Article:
Kenya needs USD 18 Billion to implement climate change programmes
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16 August 2016
Author :   Nabongo Kwach
Prof. Judy Wakhungu : >> Image Credits by:Isaiah Esipisu

Kenya needs Sh1.8 trillion (USD 18 Billion) to implement climate change programmes for the remaining period up to 2030, according to the Environment Ministry.

In the short term, the country requires Sh495 billion for the same activities for the next five years.

Environment Cabinet Secretary Prof Judi Wakhungu revealed this when she launched the Kenya Second National Communication Report to the UN Framework Convention on Climate Change (UNFCCC) in Nairobi.

Noting that climate change is the most serious environmental challenge facing the world today, the CS said the Government has taken measures to secure the country's development against the risks and impacts of climate change.

"Kenya is highly vulnerable to climate change ad Government is mobilising and leveraging resources to strengthen resilience and abet green house gas emissions. Government has enacted Climate Change Act, 2016 which provides a regulatory framework for enhanced response to achieve low carbon climate resilient development," Ms Wakhungu said.

She added that other policy measures to achieve a green economy are the National Climate Change Action Plan 2013-2017, Climate Change Response Strategy 2010 and Environmental Management and Coordination Act CAP 387.

The CS observed that Government has identified nine areas where urgent mitigation actions should be undertaken using the billions of shillings required.

Among the nine are restoration of forests and degraded lands, developing an additional 2,275 megawatts of geothermal energy, restoration of degraded forests, encouraging Kenyans to use improved cookstoves and liquefied petroleum gas (LPG) and agroforestry.

Others include bus rapid transit and light rail corridors, develop greenhouse gas inventory and improvement of emissions data, measuring, reporting on and monitoring forestry emissions and sinks and mainstreaming of low-carbon development options into planning processes.

To achieve the above, Government needs to undertake a programme of work to restore forests on 960,000 hectares up to 2030 including dryland forest restoration activities, developing, testing and application of compensation and benefits-sharing mechanisms and develop an additional 2,275 MW of geothermal capacity by 2030 through a support programme aimed at encouraging private sector investment.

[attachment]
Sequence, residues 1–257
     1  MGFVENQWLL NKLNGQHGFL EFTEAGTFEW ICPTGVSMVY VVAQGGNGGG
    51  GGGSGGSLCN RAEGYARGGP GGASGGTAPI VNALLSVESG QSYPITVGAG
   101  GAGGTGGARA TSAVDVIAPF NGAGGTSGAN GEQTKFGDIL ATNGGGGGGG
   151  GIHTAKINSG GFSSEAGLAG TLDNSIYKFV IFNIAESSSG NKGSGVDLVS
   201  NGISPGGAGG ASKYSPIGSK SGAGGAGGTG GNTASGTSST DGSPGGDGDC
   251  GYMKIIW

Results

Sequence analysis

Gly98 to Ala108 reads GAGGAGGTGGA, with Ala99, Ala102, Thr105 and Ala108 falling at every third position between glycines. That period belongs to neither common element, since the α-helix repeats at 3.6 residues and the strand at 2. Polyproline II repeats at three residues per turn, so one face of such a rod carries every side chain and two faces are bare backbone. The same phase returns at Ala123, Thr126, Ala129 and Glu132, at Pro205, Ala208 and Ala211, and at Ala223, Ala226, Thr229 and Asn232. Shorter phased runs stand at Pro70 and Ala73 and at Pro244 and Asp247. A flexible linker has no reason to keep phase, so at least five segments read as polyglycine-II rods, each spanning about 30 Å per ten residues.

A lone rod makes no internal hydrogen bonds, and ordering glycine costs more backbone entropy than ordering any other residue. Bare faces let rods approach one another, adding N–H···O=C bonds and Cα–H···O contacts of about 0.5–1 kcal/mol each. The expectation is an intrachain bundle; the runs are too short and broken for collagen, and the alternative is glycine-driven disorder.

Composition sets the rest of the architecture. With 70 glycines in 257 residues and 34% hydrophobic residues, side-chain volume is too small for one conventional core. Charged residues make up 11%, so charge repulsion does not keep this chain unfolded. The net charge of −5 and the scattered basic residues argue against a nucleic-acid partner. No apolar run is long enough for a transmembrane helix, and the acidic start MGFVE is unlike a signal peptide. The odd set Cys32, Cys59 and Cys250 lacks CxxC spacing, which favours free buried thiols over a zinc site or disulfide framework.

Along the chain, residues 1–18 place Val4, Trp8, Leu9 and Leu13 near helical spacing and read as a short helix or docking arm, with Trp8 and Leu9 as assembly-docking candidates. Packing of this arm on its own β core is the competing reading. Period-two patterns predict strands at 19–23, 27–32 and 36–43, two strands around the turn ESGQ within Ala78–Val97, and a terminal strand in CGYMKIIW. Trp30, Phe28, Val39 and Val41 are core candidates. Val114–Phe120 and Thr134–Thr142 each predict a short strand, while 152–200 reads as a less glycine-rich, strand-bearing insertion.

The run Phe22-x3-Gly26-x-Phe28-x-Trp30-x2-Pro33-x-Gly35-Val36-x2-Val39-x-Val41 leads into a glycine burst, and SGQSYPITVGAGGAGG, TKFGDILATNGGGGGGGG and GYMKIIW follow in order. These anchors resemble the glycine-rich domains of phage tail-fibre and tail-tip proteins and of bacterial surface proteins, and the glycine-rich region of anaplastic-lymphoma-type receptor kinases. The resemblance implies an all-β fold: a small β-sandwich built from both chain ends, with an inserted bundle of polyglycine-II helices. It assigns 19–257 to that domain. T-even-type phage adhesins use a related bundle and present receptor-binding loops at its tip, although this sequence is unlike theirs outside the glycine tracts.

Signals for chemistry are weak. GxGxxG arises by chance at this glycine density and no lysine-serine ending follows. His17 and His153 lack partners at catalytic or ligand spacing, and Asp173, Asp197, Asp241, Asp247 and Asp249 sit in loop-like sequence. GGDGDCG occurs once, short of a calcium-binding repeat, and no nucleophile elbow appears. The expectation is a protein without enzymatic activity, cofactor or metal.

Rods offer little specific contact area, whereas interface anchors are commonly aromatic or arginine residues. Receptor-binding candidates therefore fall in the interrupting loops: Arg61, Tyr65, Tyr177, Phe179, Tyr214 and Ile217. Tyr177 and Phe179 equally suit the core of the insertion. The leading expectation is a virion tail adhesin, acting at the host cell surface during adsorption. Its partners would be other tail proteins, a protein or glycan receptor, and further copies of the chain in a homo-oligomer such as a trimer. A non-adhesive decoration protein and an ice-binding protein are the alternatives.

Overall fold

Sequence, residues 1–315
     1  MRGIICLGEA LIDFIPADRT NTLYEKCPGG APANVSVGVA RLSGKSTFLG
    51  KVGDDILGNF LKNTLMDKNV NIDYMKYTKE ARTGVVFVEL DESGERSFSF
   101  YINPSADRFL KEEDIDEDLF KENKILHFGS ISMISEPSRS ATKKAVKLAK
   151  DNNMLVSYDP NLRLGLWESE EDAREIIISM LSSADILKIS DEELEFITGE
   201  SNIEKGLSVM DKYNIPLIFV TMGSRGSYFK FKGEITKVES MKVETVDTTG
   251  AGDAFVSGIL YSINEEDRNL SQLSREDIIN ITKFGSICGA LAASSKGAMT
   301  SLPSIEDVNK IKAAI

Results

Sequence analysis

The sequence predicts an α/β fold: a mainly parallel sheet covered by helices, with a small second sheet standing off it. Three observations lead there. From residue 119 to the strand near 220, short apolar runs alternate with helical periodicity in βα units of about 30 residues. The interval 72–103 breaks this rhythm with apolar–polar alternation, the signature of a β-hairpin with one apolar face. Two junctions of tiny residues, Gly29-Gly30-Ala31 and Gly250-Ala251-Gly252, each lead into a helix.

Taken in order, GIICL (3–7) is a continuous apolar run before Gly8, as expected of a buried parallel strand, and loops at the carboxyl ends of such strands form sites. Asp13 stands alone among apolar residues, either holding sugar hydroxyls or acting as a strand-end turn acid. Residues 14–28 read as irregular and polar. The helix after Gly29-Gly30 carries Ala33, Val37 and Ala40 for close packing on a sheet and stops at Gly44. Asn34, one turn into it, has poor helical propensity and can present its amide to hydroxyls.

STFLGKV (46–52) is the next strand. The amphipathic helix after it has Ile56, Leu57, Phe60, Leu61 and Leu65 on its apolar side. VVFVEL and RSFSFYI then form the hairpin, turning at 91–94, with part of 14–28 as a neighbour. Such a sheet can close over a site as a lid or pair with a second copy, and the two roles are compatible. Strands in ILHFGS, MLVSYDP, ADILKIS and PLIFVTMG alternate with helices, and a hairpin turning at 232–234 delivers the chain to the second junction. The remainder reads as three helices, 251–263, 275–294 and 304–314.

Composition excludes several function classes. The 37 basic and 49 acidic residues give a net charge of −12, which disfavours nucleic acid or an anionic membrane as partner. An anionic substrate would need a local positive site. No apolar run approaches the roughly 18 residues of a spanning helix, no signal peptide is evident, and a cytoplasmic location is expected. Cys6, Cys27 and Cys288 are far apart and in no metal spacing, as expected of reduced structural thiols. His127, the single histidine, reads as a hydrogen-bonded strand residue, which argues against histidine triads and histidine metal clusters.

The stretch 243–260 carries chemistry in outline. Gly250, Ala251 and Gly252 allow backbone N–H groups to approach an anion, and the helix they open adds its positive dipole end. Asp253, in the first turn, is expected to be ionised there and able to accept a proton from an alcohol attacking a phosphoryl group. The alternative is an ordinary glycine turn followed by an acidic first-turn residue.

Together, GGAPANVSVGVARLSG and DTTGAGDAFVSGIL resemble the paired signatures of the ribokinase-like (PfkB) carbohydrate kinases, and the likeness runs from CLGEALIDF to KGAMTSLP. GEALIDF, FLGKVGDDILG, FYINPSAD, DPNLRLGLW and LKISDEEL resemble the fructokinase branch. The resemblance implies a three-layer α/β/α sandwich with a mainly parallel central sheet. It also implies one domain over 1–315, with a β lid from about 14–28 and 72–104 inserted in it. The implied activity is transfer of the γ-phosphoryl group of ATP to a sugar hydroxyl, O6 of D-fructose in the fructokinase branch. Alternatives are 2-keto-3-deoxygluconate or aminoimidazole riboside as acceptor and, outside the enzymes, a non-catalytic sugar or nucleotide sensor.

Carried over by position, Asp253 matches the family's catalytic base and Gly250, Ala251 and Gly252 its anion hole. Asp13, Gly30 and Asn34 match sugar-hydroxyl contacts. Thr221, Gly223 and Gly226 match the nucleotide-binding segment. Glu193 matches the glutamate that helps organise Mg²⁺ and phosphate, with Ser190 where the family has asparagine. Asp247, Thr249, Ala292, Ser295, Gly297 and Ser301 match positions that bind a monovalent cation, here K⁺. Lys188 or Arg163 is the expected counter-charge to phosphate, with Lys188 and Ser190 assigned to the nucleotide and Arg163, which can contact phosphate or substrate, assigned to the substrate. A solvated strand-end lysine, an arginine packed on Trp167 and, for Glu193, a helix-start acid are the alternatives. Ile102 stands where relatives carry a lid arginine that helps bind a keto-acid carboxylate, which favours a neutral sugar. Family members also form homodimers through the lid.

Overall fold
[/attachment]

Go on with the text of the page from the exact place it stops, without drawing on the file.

The country also needs to undertake a programme of work to replant forests on 240,000 hectares of land that were previously forests, increase awareness of improved cooking practices, undertaking pilot initiatives which promote the use of LPG, increasing awareness of stove quality, increasing access to soft loans, building capacity of stove producers, and improving access to testing facilities.

The report also recommends converting 281,000 hectares of existing arable cropland and grazing land that have medium or high agricultural potential to agroforestry and implement an extensive mass transit system for greater Nairobi, based predominantly on bus rapid transit corridors complemented by a few Light Rail Transit corridors as other mitigation measures.

Others include developing a national forest inventory, forest reference scenario, and a monitoring and reporting system that allows for transparent accounting of emissions and removals in the forestry and land-use sectors.

"Kenya's population projected to reach 17.64 million in 2017, resides in the rural areas and relies predominantly on an ever-degrading environment and scarce natural resources for their livelihoods. However this situation is changing with an increase in rural-urban migration, projected to reach 80.3 persons per km2 by 2017," the CS said.

She said the increase has led to a substantially increased pressure on land for settlement and support for livelihoods. "Despite Government efforts to reverse the poverty situation, in 2012, 49.8 per cent of the total population was living below the poverty line (below 1 USD a day), with the level being higher in rural areas at 55 per cent than in urban areas estimated at 35.5 per cent," Ms Wakhungu said.

The report noted that for the period from 1960, Kenya's temperature trends indicate that hot days per year have increased by 15.6 per cent and cold nights decreased by 4.4 per cent.

"Hot days increase highest in March to May while the rate of cold days is highest in September to November. The rate of decrease of cold nights is highest from December to February," the report notes.

Prof Geoffrey Wahungu, NEMA's Director General said the report will guide the country on how to monitor and implement the recently enacted climate laws and the Paris Agreement on climate change. NEMA together with the Environment ministry were involved in the compiling of the report.

Geordie Colville, senior programme officer at UNEP said UNEP will continue supporting Kenya's efforts towards making the world habitable.

The report noted that in 2000, Kenya's total greenhouse gas emissions were approximately 55 million tonnes of carbon dioxide emissions. Methane gas is named as the second pollutant in the country.

Areas assessed include energy, transport, industrial processes, agriculture, land use, forestry and water sector.

Kenya ratified UNFCCC in 1994. As a party to the Convention, it is obliged to submit national communications to the UNFCCC. Kenya submitted its first report in 2002.

The report assesses the country's situation with regard to national circumstances, greenhouse gas inventory and response to climate change.

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